Montgomery County

Canajoharie native commands fight against ISIS

The MacFarlands said their family comes from a “long line of answering the call to serve our country
Sean MacFarland in 2014, takes the podium at his promotion to lieutenant general, when he assumed command of Ft. Hood, Texas. (Photo provided by MacFarland's family)
Sean MacFarland in 2014, takes the podium at his promotion to lieutenant general, when he assumed command of Ft. Hood, Texas. (Photo provided by MacFarland's family)

Sean MacFarland knew from a very young age that, like his father and grandfather before him, he would carry on the family tradition of serving in the U.S. Army.

As a child growing up in Canajoharie, Sean wore a web belt with a canteen on it almost every day, his parents recalled, and would play for hours on end with the plastic soldiers that generations ago were a staple of any boy’s toy chest.

And while it wouldn’t surprise many to see a boy’s preoccupation with military life, in Sean’s case, his childhood war scenarios may actually have been more akin to training than play.

“No one could have predicted that he would one day command the coalition of 60 nations in this current war,” said Nancy and Garth MacFarland, in an email about their son’s remarkable rise from West Point class of 1981 to heading the fight against ISIS.

Last year Lt. Gen. Sean MacFarland, 57, a three-star general in the U.S. Army, was named commander of Operation Inherent Resolve, the U.S.-led coalition against the Islamic State in Iraq and Syria.

But before all that — before West Point, the First Gulf War, Bosnia and Afghanistan, the book about his liberating a major city in Iraq from al-Qaeda and landing on TIME magazine’s list of 100 most influential people in the world — there was just Sean Barry MacFarland, the Boy Scout from Canajoharie who ran track and cross-country and graduated high school in 1977.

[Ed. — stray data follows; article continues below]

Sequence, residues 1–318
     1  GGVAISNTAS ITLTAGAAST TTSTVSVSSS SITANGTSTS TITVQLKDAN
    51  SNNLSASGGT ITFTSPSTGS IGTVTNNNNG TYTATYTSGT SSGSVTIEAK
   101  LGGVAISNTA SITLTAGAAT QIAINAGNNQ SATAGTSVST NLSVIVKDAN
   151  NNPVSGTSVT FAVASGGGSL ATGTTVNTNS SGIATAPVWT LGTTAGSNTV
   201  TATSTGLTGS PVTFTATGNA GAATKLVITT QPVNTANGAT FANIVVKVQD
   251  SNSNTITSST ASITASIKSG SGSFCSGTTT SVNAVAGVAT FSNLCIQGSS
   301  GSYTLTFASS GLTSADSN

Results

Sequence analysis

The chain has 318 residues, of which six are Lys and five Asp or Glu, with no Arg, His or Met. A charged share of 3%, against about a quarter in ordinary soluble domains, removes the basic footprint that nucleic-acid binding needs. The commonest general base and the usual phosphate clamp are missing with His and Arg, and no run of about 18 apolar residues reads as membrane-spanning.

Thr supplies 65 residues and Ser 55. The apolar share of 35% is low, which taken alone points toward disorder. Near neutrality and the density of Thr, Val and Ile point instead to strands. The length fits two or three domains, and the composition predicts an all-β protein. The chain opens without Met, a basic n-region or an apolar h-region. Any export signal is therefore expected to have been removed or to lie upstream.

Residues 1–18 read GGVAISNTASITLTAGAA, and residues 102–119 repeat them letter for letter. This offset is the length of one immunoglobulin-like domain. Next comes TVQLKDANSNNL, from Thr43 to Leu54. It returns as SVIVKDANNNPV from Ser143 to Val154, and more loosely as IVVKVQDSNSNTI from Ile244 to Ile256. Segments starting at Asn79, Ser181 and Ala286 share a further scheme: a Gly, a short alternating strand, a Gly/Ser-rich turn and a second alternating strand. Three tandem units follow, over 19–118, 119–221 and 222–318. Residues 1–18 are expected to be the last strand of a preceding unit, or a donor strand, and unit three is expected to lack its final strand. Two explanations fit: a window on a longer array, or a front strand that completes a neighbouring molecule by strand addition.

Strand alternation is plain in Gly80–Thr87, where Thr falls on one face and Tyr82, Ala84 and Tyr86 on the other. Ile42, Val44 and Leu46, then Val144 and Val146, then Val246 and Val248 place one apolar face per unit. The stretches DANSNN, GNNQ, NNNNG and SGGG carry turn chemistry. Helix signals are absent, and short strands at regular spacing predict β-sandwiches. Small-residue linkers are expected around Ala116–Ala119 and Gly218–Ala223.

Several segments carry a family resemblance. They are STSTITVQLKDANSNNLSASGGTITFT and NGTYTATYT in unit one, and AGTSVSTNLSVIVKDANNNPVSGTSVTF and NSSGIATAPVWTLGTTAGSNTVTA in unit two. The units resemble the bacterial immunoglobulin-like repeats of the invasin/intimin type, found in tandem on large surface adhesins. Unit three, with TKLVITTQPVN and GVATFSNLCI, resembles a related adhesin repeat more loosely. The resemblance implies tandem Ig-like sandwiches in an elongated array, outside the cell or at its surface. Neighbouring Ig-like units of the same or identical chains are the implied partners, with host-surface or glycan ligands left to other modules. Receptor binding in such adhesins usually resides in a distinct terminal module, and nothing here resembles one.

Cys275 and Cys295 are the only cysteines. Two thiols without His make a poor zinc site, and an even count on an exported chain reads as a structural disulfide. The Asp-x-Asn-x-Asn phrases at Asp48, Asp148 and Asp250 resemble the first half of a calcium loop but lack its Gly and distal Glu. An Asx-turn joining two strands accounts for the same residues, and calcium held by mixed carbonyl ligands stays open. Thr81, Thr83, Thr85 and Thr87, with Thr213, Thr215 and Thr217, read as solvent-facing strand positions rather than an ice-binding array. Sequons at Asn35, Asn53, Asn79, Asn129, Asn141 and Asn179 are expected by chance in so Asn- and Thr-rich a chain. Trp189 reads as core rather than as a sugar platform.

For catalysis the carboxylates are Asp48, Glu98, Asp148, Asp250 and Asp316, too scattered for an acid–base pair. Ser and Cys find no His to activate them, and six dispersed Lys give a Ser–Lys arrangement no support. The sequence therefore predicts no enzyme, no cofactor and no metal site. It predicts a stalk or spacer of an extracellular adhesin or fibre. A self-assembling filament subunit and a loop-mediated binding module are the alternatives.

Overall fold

“Our memories of Sean as a child were that he always seemed to have a uniform on,” said the MacFarlands.

His grandfather, who graduated West Point in 1931, had given Sean a small uniform for Christmas one year and his father, Garth, a retired army officer, was a source of surplus military equipment that Sean put to good use.

“As he got older, he would draw battle pictures of The Civil War and WWII,” wrote his parents in response to questions from The Gazette. “He knew at a very early age he wanted to go to West Point.”

The MacFarlands said their family comes from a “long line of answering the call to serve our country,” dating back to the Revolutionary War and on through the Civil War, Spanish American War, WWII, Korea and into the modern era with Sean.

Signs of his enduring interest in the military extended through high school, where he took advanced classes and outside of school achieved the rank of Eagle Scout with the Boy Scouts of America.

“While growing up in Canajoharie, his goal was always on his mind,” said the MacFarlands. “It was his destiny to return to Iraq, to again liberate Ramadi as he had done 10 years before.”

A book published in 2010 called “A Chance in Hell” tells the story of the army’s First Brigade in Ramadi, of which Sean was commander, which was tasked in 2006 with wresting the Iraqi city from al-Qaeda without destroying it.